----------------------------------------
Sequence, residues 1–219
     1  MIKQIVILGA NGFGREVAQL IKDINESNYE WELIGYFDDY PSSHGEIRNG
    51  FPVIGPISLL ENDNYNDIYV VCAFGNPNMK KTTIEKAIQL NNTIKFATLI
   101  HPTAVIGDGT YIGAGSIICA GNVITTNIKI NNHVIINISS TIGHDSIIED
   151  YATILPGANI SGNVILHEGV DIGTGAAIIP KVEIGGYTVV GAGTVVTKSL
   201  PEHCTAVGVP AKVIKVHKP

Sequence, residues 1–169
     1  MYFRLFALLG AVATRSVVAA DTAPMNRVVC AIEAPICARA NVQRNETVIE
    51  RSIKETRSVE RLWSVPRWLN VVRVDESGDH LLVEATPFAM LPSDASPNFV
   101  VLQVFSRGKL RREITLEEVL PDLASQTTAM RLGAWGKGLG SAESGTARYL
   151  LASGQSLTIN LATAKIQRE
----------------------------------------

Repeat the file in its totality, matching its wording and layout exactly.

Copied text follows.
Sequence, residues 1–219
     1  MIKQIVILGA NGFGREVAQL IKDINESNYE WELIGYFDDY PSSHGEIRNG
    51  FPVIGPISLL ENDNYNDIYV VCAFGNPNMK KTTIEKAIQL NNTIKFATLI
   101  HPTAVIGDGT YIGAGSIICA GNVITTNIKI NNHVIINISS TIGHDSIIED
   151  YATILPGANI SGNVILHEGV DIGTGAAIIP KVEIGGYTVV GAGTVVTKSL
   201  PEHCTAVGVP AKVIKVHKP

Sequence, residues 1–169
     1  MYFRLFALLG AVATRSVVAA DTAPMNRVVC AIEAPICARA NVQRNETVIE
    51  RSIKETRSVE RLWSVPRWLN VVRVDESGDH LLVEATPFAM LPSDASPNFV
   101  VLQVFSRGKL RREITLEEVL PDLASQTTAM RLGAWGKGLG SAESGTARYL
   151  LASGQSLTIN LATAKIQRE